Desired Design Features
Having imagined our possible users, we decided that particular design features should appear in the program. The interface would be organized in such a way that users could filter the content in either linear or non-linear ways — by traditional chapter, by type of resource, or by some other organizing principle. Our interface’s homepage should have structural and navigation features allowing users to access functional divisions in the program as well as “popular” individual widgets.
We wanted the product in general to have the following features:
- a search engine that searches content
- quick loading of program and pages
- interactive open-ended questions that allow the student to type in a longer answer
- hyperlinks both internally to other content within the program (including a hyperlinked table of contents for each chapter) as well as externally to curated web resources
- an internal link in a chapter that can to to a resource associated with another chapter
- enabled scroll button on mouse
- scalable, high resolution, high quality art and photographic images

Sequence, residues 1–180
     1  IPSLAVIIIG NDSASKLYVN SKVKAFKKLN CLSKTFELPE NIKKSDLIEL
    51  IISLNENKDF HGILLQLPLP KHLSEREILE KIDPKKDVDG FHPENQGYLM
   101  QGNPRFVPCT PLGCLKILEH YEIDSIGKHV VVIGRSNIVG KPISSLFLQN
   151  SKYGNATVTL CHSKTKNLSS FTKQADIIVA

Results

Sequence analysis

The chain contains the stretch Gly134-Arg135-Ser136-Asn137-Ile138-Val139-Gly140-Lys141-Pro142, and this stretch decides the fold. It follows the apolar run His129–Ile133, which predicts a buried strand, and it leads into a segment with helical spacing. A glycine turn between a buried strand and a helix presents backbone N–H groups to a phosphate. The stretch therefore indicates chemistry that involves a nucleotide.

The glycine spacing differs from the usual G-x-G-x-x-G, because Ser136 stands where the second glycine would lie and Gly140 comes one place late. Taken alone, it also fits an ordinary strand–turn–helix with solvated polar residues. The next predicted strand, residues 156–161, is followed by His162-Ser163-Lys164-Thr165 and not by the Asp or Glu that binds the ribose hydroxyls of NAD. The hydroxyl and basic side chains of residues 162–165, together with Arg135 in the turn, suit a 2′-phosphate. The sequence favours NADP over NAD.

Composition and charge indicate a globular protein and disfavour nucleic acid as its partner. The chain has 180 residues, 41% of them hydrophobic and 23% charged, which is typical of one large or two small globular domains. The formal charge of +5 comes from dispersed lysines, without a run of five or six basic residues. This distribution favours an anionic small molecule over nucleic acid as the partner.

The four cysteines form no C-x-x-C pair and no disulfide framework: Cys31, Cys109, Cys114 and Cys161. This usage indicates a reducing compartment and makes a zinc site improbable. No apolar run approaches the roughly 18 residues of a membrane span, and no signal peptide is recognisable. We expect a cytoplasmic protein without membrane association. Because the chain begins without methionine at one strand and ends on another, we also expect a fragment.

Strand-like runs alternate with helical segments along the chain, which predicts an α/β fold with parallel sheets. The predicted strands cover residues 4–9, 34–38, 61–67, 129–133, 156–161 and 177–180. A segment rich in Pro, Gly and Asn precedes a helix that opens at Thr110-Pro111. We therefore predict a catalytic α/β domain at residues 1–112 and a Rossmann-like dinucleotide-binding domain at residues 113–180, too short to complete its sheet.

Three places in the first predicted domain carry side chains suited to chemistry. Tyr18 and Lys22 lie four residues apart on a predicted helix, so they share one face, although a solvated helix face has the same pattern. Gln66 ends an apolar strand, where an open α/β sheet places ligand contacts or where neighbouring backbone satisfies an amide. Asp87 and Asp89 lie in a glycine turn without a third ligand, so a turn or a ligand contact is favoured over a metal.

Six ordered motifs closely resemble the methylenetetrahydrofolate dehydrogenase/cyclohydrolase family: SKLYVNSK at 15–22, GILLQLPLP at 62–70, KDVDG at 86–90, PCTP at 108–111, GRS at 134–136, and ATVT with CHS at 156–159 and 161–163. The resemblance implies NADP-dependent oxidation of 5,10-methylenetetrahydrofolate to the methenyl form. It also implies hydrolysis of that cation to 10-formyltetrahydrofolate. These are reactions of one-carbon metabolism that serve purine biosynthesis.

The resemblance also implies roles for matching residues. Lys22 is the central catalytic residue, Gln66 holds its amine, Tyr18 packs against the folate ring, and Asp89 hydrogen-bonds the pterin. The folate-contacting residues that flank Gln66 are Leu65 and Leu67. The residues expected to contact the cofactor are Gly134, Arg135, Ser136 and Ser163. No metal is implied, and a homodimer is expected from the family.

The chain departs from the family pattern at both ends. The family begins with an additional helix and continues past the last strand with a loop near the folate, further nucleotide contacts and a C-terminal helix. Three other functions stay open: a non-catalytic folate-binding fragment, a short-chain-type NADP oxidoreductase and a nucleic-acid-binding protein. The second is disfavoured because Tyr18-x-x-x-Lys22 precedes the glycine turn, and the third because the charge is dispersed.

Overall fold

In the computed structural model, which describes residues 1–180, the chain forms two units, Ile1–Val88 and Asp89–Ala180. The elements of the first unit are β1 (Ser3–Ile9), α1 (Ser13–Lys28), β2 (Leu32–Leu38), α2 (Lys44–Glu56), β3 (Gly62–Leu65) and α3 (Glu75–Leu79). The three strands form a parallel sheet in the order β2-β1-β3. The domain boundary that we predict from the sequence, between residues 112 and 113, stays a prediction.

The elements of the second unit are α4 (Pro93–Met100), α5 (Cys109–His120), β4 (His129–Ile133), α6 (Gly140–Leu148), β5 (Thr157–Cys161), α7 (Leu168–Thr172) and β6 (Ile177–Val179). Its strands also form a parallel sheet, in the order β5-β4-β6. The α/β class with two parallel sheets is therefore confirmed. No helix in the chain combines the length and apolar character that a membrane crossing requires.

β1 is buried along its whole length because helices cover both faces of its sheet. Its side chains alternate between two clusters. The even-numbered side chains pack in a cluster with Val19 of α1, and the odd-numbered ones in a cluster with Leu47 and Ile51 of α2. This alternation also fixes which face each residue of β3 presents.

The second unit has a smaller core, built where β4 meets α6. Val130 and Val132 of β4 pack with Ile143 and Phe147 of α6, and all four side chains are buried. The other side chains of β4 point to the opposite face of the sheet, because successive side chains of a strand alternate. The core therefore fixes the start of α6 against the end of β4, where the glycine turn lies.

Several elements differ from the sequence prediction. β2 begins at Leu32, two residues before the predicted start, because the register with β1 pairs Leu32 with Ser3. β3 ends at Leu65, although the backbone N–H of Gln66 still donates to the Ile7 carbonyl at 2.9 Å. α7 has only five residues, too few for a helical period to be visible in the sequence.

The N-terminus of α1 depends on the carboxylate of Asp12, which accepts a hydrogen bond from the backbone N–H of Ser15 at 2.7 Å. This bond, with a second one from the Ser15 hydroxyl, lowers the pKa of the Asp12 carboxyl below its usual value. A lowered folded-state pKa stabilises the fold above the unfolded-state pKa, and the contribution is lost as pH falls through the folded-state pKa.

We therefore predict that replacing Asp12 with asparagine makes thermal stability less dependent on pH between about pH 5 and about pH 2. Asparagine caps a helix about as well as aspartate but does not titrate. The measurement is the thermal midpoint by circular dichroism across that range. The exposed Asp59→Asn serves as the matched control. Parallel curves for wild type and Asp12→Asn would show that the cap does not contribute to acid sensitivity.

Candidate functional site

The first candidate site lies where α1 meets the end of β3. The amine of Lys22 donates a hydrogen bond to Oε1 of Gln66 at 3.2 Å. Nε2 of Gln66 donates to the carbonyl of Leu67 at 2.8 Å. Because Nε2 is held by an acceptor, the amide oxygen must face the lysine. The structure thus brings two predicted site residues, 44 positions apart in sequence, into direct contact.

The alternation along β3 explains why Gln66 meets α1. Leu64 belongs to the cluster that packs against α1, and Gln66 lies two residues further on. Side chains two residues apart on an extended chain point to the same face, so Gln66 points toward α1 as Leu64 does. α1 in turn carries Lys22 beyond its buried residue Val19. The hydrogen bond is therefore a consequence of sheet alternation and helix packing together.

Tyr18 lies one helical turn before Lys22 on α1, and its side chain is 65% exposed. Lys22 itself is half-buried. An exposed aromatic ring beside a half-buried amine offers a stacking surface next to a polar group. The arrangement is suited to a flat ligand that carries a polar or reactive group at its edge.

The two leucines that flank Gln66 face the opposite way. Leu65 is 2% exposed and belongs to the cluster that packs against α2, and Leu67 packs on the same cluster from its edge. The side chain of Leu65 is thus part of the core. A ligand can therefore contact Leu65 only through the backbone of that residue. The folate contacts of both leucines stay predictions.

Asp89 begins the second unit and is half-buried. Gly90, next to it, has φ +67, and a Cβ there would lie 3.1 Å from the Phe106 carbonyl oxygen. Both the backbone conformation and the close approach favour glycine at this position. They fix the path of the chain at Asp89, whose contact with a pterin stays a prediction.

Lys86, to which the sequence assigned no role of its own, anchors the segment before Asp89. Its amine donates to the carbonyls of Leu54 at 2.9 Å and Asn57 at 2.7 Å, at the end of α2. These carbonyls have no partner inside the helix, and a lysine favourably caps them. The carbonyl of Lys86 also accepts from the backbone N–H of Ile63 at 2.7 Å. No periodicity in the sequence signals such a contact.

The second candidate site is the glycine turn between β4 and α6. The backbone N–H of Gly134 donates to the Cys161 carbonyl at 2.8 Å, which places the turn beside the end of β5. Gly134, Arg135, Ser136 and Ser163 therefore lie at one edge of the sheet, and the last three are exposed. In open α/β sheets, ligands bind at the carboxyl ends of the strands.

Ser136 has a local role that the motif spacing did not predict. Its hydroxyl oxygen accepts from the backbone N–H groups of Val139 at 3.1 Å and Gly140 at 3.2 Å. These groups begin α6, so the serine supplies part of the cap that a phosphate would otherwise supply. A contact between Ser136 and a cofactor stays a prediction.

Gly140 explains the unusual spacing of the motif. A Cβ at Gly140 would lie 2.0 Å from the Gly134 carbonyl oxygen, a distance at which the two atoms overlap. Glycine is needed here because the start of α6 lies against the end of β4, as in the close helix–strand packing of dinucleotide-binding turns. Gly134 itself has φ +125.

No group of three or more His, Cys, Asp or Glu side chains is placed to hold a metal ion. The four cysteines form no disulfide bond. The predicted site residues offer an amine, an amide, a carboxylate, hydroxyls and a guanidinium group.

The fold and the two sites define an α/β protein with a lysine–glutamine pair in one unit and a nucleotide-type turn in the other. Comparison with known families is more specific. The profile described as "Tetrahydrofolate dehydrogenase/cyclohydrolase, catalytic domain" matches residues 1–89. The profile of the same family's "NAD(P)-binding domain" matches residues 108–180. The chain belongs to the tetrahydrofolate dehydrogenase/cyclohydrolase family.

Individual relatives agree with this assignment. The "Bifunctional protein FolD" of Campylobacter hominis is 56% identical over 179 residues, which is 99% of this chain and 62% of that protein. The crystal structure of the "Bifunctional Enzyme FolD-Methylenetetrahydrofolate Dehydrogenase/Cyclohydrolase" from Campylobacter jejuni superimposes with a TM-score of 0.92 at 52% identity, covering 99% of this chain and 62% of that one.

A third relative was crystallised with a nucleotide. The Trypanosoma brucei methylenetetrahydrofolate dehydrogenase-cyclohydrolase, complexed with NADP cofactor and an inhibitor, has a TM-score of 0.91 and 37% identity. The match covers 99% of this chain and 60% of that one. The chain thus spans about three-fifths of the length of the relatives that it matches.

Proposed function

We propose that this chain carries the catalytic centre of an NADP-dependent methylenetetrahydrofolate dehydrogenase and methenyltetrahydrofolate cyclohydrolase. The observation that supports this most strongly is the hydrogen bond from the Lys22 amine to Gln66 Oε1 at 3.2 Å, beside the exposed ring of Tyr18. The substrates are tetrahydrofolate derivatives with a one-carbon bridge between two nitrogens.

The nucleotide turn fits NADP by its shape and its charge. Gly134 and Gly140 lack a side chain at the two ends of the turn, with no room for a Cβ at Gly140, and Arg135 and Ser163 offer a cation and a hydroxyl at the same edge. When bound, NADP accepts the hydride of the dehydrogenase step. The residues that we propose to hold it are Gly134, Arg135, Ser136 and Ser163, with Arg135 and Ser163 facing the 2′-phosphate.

- pictures in with overview text (that can be clicked to enlarge)
- an individual analysis and score report widget for tracking progress
- multimedia tutorials incorporating sound, images, and text with a way to save and grade the student’s answers to open-ended questions in the essays, reference documents, etc.
- the ability to re-size frames and windows freely
Some features that we plan to add in the future were more activity-based, and may be provided by partners such as Edmodo. These include audio/visual activities or features; mapping and graphing activities so kids can create their own, from a series of layered options, such as demographic and economic activity data; a “chat” function for within-class interactivity (such as group projects), moderated by teacher/administrator; and an online teaching ability with the content and teaching supplied seamlessly for the user, not separate like most textbook publishers, or like most course management platforms (Blackboard, Moodle, etc.).
Our goal has been to construct a flexible, rich, and diverse selection of materials for the social studies curriculum that could be used in the different learning environments that we envisioned. We already had the contents for chapters, documents, art images, maps, and graphs, as in a traditional textbook. By designing a navigation filter in combination with a structure of discrete widgets, we created a program that was extremely customizable. Using the different content filters, the software can be used as a linear textbook; as an encyclopedic resource; or as an exploratory tool. We also wanted to include both formative and summative assessments, because no teacher should rely solely on multiple-choice testing, but should also incorporate short-answer questions, essays, and research skill-building projects. By the end of the course, students should have built a rich and diversified portfolio.